Throughout the Bible, the Christian life is presented as a life of faith, a life of believing God’s promises and trusting him to bring them to fruition in Christ. In dealing with our justification, Paul tells us, via Habakuk, the Old Testament prophet, “The righteous shall live by faith” (Gal 3:11). Likewise, in the same passage, Paul reminds us that both the blessing of Abraham and the promised Spirit come through faith (Gal 3:14). The Christian life is so fundamentally a life of faith that Paul summed up his discussion on Christian freedom as it pertains to food, drink, and special days by saying, “For whatever does not proceed from faith is sin” (Rom 14:23). Similar statements about the Christian life as a life of faith could be multiplied from every book of the Bible - Old and New Testaments alike. That the Christian life is one of faith could not be more clear. Nonetheless, we find ourselves struggling to live by faith.
Our struggle with the life of faith is highlighted by the fact that, upon hearing that the Christian life is a life of faith, we immediately turn that descriptive statement into a command, which we just as quickly turn into an entire set of rules. We tell ourselves, “If I am going to live by faith, then I must not do any of these vile things, and I must do all of these righteous things. Then I will be living by faith.” When we go this route, we are forgetting a fundamental biblical truth, “if righteousness were through the law, then Christ died for no purpose” (Gal 2:21).
The life of faith is all about looking to Christ alone to find that which has been promised through him alone. We have ceased living by faith when we take our eyes off Christ, and it doesn’t matter what else we may focus our eyes on. We recognize easily enough that if we start trying to find that which is promised only through Christ in worldly things, we are living a life of idolatry and not of faith in Christ. However, we too often overlook the fact that if we start trying to take hold of that which is promised only through Christ by our law-keeping - whether we mean the Mosaic Law or some diluted law we have contrived to make ourselves feel righteous - we are also living a life of idolatry. When we stop looking to Christ in faith, we are walking in sin. Anything (including our supposed law-keeping) that does not proceed from faith is sin.
Paul is making this exact point when he says, “For through the law I died to the law, so that I might live to God” (Gal 2:19). Isn’t that a funny way of putting it? “Dying to the law so that we might live to God.” How frequently do we, just like the Galatians, fall into the trap of thinking the Christian life, “living to God” to use Paul’s phrase, is all about keeping the law? That “living to God” is more about being good than faith in Christ? But here, Paul is contrasting living to the law and living to God. We must die to the former if we are to live to the latter. Why is that? Paul’s point has to do with how God is. If we are going to “live to God,” we must live to him as he actually is.
When we stop looking to Christ in faith, we are walking in sin. Anything (including our supposed law-keeping) that does not proceed from faith is sin.
In Exodus, we read, “The LORD passed before him and proclaimed, ‘The LORD, the LORD, a God merciful and gracious, slow to anger, and abounding in steadfast love and faithfulness, keeping steadfast love for thousands, forgiving iniquity and transgression and sin, but who will by no means clear the guilty’” (Exod 34:6). Throughout the Old Testament, wherein the law was formally given, Yahweh is repeatedly described as gracious, merciful, slow to anger, abounding in steadfast love, compassionate, and ready to forgive. Of course, we find similar statements throughout the New Testament. Take 1 John 1:9 as but one example, “If we confess our sins, he is faithful and just to forgive us our sins and to cleanse us from all unrighteousness” (1 John 1:9). This is how our God is.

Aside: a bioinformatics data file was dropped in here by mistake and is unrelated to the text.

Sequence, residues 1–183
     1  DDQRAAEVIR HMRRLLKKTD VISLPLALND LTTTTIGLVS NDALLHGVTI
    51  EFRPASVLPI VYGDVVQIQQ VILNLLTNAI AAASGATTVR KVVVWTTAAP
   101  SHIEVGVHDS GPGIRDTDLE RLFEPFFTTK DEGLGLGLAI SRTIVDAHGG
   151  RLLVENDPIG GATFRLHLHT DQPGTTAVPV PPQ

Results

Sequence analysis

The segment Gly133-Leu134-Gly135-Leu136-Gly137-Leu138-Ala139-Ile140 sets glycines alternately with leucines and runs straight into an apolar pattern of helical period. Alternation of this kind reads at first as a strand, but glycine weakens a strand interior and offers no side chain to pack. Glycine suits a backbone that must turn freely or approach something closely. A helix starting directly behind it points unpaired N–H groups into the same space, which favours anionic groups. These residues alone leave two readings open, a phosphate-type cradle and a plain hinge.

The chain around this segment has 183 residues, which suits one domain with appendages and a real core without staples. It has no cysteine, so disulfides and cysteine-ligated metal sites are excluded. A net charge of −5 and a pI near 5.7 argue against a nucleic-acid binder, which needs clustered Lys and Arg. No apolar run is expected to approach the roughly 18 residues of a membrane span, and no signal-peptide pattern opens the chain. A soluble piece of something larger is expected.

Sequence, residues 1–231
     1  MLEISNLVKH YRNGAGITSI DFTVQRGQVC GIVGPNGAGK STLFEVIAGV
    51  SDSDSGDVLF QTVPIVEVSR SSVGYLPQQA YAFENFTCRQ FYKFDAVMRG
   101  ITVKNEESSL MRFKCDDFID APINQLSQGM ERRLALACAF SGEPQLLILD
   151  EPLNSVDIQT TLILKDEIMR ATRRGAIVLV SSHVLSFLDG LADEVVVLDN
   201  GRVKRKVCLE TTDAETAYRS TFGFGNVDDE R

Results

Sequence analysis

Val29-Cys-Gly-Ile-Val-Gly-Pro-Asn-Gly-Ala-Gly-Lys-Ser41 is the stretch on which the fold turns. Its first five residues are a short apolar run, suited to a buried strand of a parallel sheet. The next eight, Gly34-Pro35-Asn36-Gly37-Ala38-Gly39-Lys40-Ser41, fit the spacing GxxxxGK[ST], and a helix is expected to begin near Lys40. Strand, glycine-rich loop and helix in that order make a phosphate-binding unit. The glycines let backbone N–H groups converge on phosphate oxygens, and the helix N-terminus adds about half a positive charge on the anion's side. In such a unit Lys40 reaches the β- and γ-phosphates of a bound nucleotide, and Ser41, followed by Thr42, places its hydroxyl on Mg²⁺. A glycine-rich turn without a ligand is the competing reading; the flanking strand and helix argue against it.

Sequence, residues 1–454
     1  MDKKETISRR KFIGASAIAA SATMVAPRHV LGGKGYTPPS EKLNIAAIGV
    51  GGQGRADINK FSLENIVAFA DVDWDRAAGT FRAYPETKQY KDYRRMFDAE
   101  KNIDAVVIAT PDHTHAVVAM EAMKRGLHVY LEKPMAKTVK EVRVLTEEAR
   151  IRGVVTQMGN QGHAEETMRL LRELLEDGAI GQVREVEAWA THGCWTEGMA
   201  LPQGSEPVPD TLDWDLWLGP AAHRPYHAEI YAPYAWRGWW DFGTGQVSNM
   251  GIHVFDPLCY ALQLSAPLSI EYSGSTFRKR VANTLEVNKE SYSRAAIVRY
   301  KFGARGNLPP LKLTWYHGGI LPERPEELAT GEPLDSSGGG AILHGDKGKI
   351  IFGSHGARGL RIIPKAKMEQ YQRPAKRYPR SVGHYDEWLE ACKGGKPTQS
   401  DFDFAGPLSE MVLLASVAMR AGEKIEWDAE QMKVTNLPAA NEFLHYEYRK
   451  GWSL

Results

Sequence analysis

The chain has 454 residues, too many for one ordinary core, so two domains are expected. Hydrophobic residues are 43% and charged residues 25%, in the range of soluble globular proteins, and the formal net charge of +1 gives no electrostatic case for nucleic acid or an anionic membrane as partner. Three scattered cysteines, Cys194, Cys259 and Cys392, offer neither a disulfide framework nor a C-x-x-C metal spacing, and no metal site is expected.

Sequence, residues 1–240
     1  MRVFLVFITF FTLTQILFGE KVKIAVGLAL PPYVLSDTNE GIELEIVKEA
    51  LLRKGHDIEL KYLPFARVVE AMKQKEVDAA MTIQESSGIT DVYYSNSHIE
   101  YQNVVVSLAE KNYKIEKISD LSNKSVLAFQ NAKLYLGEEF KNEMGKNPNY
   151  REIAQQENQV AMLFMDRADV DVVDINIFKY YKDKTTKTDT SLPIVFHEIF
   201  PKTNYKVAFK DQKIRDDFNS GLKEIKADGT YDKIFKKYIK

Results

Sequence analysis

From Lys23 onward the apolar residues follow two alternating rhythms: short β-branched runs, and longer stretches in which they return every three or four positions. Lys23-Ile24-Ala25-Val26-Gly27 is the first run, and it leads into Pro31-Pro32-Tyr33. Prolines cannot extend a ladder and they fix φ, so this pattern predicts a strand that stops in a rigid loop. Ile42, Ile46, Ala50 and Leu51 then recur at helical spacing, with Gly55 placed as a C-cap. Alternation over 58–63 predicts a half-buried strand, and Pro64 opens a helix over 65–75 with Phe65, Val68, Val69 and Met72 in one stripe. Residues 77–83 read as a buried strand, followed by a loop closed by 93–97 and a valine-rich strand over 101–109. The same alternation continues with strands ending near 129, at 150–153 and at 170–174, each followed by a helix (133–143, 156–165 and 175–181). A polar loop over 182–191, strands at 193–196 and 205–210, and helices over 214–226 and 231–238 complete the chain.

Paul is reminding us in Galatians 2:19 that we can’t serve a God who is merciful, gracious, slow to anger, abounding in steadfast love and faithfulness, keeping steadfast love for thousands, ready to forgive iniquity and transgression and sin by acting like we don’t need God to be that way toward us. If we keep reading 1 John, we find that he is making the exact same point as Paul. John says it this way as he continues, “If we say we have not sinned, we make him a liar, and his word is not in us” (1 John 1:10).
When Paul says he “died to the law” so that he might “live to God,” he is admitting, for himself and us, that seeking to “live to the law” is really nothing more than a foolish attempt to present ourselves to God as one who does not need God to be merciful toward us, and one who does not need to be justified by grace alone through faith alone in Christ alone. When we live this way, we are not living to God because God is merciful, he is ready to forgive, and because Christ has paid the price in full, God is just to forgive us for all our sins. So we see, the Christian life really is a life of faith. It really is a life of believing God’s promises and trusting him to bring them to fruition in Christ rather than trying to bring those promises about by our obedience to the law. So we ask the Spirit to help us, just as he helped Paul, to die to the law that we too might live to God - that we might live by faith.